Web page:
As in previous years, answers to the various sections of the survey brought about some recurring themes and also a couple of surprises e.g. Business confidence.

When asked specifically about revenue growth– results are optimistic and at a similar level to last year – 70% of respondents anticipating growth over the next 12 months (71% last year). 64% of respondents are planning to invest in R&D – It is encouraging that 89% of respondents invested in R&D in the last year but frustrating that only 48% of those who invested successfully applied for R&D tax credits.

Click here to read the full report.

MHA Manufacturing and Engineering Report 2019/20 – Video Part 1

Compare your business against national findings.

The survey is a national one and this is the 8th year we have run it. We had in excess of 230 responses this year, from businesses of varying sizes and maturity.

A key change this year in the way we have utilised and presented the survey findings has been to engage with our Data Insights Team. In addition to collecting the responses to the survey, we have also carried out a benchmarking exercise with publicly available data on over 1,000 companies within the same geographical and financial parameters so that we can compare and contrast findings.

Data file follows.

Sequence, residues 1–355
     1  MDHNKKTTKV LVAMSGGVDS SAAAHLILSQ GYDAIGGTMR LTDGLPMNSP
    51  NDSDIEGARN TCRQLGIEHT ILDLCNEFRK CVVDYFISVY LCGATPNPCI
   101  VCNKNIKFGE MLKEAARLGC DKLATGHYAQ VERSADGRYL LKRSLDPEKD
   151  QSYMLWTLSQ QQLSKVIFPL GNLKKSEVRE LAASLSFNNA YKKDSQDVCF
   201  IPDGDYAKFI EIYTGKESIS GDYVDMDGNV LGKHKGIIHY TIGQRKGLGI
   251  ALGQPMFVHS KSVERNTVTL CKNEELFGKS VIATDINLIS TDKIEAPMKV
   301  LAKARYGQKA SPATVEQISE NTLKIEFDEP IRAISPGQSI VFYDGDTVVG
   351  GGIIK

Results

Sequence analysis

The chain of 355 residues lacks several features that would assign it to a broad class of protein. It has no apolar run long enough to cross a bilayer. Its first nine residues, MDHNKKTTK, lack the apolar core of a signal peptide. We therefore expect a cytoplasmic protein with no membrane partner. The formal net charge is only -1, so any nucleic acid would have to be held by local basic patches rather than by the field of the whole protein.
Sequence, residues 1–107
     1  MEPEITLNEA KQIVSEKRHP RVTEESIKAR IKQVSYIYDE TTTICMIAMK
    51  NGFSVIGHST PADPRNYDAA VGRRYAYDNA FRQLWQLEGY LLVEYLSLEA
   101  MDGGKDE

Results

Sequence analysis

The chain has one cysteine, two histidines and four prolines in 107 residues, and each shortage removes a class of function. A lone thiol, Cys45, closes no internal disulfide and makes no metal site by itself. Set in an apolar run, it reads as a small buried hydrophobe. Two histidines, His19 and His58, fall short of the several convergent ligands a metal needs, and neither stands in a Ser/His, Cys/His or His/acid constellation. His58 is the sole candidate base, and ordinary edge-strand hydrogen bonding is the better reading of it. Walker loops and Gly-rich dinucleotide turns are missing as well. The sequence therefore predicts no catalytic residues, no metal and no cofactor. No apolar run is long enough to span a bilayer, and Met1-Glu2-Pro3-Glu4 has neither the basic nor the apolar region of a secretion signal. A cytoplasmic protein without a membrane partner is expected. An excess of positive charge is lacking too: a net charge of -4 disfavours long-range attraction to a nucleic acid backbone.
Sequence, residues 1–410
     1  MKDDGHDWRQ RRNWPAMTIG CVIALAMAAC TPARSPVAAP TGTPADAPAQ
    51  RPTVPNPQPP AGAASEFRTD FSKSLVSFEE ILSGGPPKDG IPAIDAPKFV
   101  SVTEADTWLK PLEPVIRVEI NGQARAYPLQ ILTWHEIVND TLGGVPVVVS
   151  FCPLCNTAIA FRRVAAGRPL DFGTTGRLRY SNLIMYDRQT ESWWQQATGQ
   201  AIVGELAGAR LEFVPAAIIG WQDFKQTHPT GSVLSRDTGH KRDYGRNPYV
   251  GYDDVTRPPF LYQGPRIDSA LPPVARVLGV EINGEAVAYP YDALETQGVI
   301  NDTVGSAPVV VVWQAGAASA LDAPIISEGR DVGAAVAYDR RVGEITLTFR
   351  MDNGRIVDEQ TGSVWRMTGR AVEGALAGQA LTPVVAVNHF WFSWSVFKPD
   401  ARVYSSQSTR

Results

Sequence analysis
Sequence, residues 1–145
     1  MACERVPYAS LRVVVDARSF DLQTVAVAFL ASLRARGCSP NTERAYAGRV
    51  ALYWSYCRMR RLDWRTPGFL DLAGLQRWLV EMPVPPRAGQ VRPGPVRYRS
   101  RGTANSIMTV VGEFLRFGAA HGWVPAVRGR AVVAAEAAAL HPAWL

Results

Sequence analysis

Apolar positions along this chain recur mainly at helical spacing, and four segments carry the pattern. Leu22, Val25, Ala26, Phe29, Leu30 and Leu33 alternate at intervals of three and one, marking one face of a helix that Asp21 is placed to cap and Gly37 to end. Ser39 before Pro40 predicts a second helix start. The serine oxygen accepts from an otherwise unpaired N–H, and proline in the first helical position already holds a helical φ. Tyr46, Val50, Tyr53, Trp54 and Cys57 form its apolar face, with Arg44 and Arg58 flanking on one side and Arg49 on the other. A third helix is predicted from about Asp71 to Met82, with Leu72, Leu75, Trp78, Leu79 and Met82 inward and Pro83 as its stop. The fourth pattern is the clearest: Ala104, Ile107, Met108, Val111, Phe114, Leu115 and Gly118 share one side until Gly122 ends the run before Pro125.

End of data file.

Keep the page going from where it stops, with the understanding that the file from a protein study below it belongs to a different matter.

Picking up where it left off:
Click here to watch Part 2 – Investment is key for growth in the sector.

Click here to read the full report.

Manufacturing and Engineering Report 2019/20

Manufacturing & Engineering Annual Survey Report: UK SME manufacturers continue to grow and build resilience